It seems as if Apple understands that ecommerce is a pretty big deal. Last year, Apply Pay announced it would push its mobile wallet, Apple Pay, allowing consumers to easily buy online at the tap of a smartphone screen. It paralleled the steady rise of mcommerce (mobile commerce), and now Apple is moving towards a different type of commerce dubbed “T-commerce.”

E-commerce, M-commerce, and Now T-commerce

A goal of commerce is to get consumers buying anywhere, anytime. Thanks to glorious internet WiFi and broadband, consumers have evolved with technology; they’re purchasing from computers, to laptops, smartphones, tablets, and now television. While Apple Pay addressed the emerging mcommerce environment last year, Apple TV is apparently addressing a familiar and comfortable environment: the living room.

Long story short, the tech giant plans to strengthen its Apple TV device – which allows people to watch their favorite shows and movies in one place on their televisions – by including the ability to shop online on your couch through your television. Take a look at the video below to see Apple’s demo on how buying through Apple TV works.

The Apple TV remote is the reason it’s all possible. It functions similarly to your standard television remote, but it includes a small touchscreen that lets you scour a site for products. Along the same lines as Apple Pay, buying is incredibly quick. Apple TV stores your credit card information, so there’s no need to tediously punch those digits in to get buying. Purchasing products is as simple as tapping the touchpad once. Siri is also included in Apple TV’s tvOS (its operating system), so it may be possible for consumers to tell it what sorts of products they would like to browse for.

Will It Matter

Apple TV is yet another sales channel for businesses to consider. That said, critics are quick to point out that couch-dwelling consumers likely already have their phones, laptops, or tablets on hand for buying. There’s such a thing as too many screens at once, and the more choices you give a human, the less likely they are to choose anything. Because of that, Apple TV as a selling channel may be overkill. But the same type of thing was said with tablets, and they’ve clearly been a hit.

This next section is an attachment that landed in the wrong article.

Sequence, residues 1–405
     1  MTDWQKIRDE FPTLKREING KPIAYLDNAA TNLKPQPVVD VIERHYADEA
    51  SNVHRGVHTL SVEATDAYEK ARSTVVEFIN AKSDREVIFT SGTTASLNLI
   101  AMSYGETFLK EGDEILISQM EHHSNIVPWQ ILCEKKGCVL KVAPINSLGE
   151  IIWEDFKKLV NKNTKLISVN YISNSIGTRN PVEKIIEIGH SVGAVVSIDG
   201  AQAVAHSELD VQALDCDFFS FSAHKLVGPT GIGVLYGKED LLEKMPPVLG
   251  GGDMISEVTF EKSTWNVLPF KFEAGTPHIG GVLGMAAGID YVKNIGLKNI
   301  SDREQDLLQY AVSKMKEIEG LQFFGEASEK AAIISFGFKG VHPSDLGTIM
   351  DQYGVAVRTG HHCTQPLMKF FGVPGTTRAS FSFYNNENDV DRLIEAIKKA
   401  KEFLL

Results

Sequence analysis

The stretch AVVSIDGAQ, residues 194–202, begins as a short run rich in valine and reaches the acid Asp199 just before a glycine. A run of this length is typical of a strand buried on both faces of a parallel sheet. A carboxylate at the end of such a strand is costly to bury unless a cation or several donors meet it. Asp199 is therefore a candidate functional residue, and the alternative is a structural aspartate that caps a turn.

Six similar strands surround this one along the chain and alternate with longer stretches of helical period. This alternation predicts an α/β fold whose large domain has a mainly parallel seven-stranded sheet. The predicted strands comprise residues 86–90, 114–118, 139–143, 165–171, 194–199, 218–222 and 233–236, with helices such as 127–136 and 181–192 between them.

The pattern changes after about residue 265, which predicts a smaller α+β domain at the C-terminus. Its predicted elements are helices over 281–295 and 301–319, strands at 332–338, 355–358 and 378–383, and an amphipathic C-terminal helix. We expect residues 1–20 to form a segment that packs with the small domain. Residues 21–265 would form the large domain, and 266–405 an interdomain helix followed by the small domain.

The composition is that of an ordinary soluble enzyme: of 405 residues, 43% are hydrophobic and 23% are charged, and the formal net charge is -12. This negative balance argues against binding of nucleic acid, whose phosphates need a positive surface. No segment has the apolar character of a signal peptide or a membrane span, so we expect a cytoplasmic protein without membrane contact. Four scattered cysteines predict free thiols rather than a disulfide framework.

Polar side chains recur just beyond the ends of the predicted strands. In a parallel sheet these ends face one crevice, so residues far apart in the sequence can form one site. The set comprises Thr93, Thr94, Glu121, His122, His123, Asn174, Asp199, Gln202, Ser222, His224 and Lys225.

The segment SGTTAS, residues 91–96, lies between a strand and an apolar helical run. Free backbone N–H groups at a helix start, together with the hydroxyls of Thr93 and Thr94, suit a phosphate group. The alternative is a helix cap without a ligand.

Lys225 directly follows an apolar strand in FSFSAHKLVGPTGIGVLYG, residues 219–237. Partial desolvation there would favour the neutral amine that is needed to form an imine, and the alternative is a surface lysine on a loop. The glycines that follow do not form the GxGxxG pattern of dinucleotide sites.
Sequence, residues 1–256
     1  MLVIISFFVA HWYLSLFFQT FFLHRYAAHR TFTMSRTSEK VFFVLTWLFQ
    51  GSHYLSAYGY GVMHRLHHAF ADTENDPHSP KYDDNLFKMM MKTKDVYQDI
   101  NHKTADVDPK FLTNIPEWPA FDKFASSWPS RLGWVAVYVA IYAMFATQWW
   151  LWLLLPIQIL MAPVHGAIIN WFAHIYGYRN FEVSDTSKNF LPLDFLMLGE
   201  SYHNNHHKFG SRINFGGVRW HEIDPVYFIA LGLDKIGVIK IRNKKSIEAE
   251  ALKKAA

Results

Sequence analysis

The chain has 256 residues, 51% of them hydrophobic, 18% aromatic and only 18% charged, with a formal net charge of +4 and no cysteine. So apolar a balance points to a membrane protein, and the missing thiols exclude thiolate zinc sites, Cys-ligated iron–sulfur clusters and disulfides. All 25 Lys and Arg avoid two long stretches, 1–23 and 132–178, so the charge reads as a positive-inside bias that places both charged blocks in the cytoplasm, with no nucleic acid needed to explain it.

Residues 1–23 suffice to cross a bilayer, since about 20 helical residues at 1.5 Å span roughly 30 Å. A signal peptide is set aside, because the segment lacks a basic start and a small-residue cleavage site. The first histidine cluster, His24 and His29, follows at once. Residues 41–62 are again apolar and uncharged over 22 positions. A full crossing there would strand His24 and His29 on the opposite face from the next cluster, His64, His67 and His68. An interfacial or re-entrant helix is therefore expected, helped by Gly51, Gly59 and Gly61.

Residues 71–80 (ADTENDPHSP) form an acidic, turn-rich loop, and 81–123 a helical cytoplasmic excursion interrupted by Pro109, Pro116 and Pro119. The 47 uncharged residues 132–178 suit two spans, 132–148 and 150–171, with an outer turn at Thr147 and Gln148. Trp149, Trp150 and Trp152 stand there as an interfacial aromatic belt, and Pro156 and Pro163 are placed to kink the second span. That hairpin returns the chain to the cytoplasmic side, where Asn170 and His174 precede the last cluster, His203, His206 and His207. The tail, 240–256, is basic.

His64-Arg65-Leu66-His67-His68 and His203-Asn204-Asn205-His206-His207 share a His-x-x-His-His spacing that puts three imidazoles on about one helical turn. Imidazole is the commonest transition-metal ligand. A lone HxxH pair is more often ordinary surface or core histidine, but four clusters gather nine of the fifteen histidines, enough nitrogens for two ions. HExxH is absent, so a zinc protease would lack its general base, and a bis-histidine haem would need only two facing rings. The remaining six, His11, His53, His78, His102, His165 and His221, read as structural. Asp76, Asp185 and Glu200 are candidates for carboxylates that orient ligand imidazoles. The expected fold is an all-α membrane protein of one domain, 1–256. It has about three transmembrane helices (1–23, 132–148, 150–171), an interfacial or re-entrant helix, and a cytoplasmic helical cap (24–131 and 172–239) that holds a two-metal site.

Apple is obviously well known for being on the forefront of tech, and it may take some time to get consumers accustomed to the idea of buying via TV. Rate of adoption is always a concern, but last year’s Apple Pay push is showing positive signs only a year later, with more than four out of ten iPhone 6 owners using the mobile wallet, and more than a quarter non-users claiming they will likely try it out within the next half a year. Even so, consumers were already using their smartphones to browse the internet and shop prior to mobile wallets. Although smart TVs are on the rise and have been around a while, the same can’t be said about them.


Apple “TV”

Don’t let the word “television” fool you. Apple TV is also an app platform the company is driving forward, and it joins the ranks of Apple’s iPhones, iPads, and Macbooks. Just like them, it plans to incorporate shopping, gaming, and other entertainment apps along with its current roster of movie and show applications like Netflix and Hulu. When you have an entire tech ecosystem like that, you have the ability to collect cross-device information on consumers. Perfect for highly targeted and effective advertising. 

To buff its advertising capabilities even further, Apple TV also stores a customer’s credit card credentials and purchase history when they buy through it. And that provides a big hint to what ads would be super effective on customers, much like an Amazon page that refers products to you. Plus, because it acts as both a television and an app store, it can offer in-app and video-based ads, with the latter rising in use in recent times. It’s a potential advertising machine.

There’s also the chance to promote products in real time. If content was livestreamed or an event was premiering on Apple TV exclusively, shows could market merchandise, prompting consumers to go and click the ‘buy’ button during a break with complete ease and within the device. Also, regardless of whether or not Apple plans to implement some ads, customers may easily ignore them and go about browsing shopping sites when breaks arrive.

But Back to You

Apple TV seems intent on capitalizing off merchant’s advertising efforts, especially as many businesses, both large and small, continually spend on advertising through Google and Facebook. In fact, Apple’s move towards the television may be an attempt to move away from the web and cut down on the revenue both aforementioned companies are raking in through ads. If the new frontier of T-commerce makes it big, Apple TV may become one of the most effective ways to advertise your products.

So, is Apple TV pointless or promising? On your average, small business retailer’s end, only time will tell (a really boring and un-opinionated answer, I know). It’s more than likely that you wont need to give it serious thought as a channel for the next year at least as smart TVs gain traction. 

That said, it’s important to note that if your sales are coming in largely through Apple products, your customers are probably more likely to be interested in buying through Apple TV. Apple customers are far more likely to give the new tech a shot, so you may want to do the same. At the end of the day, the more screens, the more chances for a sale.